It’s been proven that the risks associated with pregnancy increase as a woman ages. In fact, pregnancy in a woman who is 35 or older will automatically be treated as a high-risk pregnancy by doctors regardless of a mother’s medical history or current health.
Advanced maternal age increases the risk of complications like miscarriage, placenta previa, fetal distress, cesarean birth, high blood pressure, diabetes, ectopic pregnancy and premature delivery and also puts the baby at risk for low birth-weight, genetic disorders like Down syndrome, asphyxia, brain bleeds and stillbirth.
However, advances in medicine like in-vitro fertilization are enabling women to carry and deliver children at a greater age than would have been possible in the past. In fact, many well known celebrities have had babies well past age 35 – Gina Davis had her first child at 46 and twins at 48, Beverly D’Angelo had twins at 49, Holly Hunter had twins at 47, and the list goes on.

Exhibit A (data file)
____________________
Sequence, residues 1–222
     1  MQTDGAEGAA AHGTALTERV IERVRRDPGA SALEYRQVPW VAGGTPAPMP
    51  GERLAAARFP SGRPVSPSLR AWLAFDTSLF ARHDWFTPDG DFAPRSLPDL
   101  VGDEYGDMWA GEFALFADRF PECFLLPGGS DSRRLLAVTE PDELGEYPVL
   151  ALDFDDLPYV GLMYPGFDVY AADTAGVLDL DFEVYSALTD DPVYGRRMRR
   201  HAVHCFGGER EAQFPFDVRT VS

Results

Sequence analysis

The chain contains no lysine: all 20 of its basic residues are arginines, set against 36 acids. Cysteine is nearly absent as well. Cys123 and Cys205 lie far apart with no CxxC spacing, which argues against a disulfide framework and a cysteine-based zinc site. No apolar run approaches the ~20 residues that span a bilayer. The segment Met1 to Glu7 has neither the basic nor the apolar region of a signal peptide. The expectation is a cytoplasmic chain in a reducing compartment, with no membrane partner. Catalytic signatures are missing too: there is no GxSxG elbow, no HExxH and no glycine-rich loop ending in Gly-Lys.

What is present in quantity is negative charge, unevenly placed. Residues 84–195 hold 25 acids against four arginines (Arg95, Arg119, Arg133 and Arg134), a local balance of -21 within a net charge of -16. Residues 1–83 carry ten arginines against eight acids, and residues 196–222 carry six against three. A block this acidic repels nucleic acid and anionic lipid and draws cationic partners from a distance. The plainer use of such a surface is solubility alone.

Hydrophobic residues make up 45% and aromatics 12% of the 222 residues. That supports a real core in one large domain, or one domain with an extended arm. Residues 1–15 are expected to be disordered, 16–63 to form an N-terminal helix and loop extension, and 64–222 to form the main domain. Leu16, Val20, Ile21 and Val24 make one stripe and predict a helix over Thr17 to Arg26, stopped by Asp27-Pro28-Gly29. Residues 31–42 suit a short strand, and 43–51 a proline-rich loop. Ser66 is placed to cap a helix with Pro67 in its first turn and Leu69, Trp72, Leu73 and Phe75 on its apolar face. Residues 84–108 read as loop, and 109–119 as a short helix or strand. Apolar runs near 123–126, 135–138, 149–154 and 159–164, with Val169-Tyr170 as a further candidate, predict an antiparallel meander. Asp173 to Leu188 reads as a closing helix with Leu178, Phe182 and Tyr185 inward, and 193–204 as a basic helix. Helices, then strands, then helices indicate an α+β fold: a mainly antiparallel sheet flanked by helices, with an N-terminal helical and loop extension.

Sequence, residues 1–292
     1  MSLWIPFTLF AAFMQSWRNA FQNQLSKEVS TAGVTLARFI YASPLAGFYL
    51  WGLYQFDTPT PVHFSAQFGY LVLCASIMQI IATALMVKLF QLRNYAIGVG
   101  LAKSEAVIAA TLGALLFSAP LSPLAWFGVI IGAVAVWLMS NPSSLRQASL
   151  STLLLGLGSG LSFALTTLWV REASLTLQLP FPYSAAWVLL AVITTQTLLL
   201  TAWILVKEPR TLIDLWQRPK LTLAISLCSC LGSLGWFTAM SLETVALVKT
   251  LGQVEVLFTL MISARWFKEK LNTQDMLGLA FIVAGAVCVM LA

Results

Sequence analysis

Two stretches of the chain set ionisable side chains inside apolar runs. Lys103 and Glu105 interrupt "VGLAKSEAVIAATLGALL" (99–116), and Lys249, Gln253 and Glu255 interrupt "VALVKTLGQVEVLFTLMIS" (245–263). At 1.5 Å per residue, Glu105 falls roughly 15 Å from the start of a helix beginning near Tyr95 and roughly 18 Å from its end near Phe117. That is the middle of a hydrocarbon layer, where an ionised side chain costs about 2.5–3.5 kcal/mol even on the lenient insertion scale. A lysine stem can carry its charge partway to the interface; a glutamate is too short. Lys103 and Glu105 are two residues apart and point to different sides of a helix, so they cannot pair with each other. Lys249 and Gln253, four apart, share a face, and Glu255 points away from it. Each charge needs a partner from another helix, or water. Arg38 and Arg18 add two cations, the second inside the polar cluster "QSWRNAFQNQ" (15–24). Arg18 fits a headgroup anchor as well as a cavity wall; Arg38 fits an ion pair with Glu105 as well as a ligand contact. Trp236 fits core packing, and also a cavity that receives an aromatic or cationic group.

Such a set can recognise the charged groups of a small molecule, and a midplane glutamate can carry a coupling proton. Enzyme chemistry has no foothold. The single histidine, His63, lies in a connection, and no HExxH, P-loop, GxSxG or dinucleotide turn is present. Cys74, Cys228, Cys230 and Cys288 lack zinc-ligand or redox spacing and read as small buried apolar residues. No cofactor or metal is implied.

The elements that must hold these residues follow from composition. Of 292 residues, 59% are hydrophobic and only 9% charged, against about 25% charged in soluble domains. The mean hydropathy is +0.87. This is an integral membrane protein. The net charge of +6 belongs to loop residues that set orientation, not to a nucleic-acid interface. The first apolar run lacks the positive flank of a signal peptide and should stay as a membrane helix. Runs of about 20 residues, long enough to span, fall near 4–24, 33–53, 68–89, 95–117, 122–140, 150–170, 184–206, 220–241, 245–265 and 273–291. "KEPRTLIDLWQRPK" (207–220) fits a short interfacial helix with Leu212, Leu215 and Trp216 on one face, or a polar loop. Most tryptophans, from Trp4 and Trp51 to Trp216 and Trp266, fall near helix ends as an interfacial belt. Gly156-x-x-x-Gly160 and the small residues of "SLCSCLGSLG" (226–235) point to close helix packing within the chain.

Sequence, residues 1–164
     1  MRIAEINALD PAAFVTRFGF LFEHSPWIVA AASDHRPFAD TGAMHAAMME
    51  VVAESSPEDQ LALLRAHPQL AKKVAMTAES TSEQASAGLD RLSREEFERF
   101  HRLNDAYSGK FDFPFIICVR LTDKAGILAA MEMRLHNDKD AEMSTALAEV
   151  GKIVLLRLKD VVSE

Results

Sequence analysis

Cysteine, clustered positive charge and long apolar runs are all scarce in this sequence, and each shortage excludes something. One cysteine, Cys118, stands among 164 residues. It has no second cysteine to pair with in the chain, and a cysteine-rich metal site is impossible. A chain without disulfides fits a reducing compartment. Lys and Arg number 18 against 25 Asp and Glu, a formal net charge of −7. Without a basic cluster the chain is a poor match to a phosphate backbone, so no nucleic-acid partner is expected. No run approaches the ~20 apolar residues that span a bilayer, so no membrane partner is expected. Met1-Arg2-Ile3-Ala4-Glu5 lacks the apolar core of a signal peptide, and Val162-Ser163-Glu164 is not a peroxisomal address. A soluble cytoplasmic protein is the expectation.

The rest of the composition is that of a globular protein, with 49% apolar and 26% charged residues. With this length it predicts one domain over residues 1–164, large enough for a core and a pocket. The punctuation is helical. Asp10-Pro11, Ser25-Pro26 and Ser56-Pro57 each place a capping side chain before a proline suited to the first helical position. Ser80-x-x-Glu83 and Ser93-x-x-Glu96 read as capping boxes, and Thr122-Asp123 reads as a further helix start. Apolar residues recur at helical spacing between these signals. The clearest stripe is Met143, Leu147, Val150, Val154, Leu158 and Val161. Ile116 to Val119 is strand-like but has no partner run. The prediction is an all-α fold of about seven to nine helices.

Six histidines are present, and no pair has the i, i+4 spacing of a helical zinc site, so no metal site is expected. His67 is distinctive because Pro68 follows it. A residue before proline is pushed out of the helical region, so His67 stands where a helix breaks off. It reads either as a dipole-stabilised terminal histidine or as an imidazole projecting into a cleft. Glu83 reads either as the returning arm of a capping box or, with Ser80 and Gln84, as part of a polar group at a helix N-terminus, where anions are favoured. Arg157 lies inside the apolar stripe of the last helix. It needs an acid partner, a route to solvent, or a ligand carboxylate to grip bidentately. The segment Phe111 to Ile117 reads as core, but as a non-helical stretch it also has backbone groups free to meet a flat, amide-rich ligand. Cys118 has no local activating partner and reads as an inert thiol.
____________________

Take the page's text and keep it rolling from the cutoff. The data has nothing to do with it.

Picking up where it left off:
So, while pregnancy later in life is more viable now than it’s ever been, it’s still important to take the following precautions if you plan on conceiving past age 35, as recommended by the March of Dimes:
- Plan for pregnancy by seeing a health care provider before you conceive.
- Ensure that you are receiving optimal prenatal care. Prenatal care is especially important if you’re over 35 because you’re more likely to get high blood pressure and diabetes for the first time during pregnancy. You can also ask about prenatal screening tests such as amniocentesis.
- Don’t take any medications or herbal supplements without first checking with your health care provider.
- Don’t drink alcohol, smoke or take illegal drugs.
- Be sure to get a proper amount of exercise before, during and after your pregnancy. Ask for your health care provider’s guidance.
- Make sure you follow a healthy diet. Eat a variety of nutritious foods.
- Gain a healthy amount of weight.
To learn more about how to prepare for pregnancy, what to expect, and questions to ask your doctor, refer to the Vitals Pregnancy Patient Guide.
Sources: omg.yahoo.com and drphil.com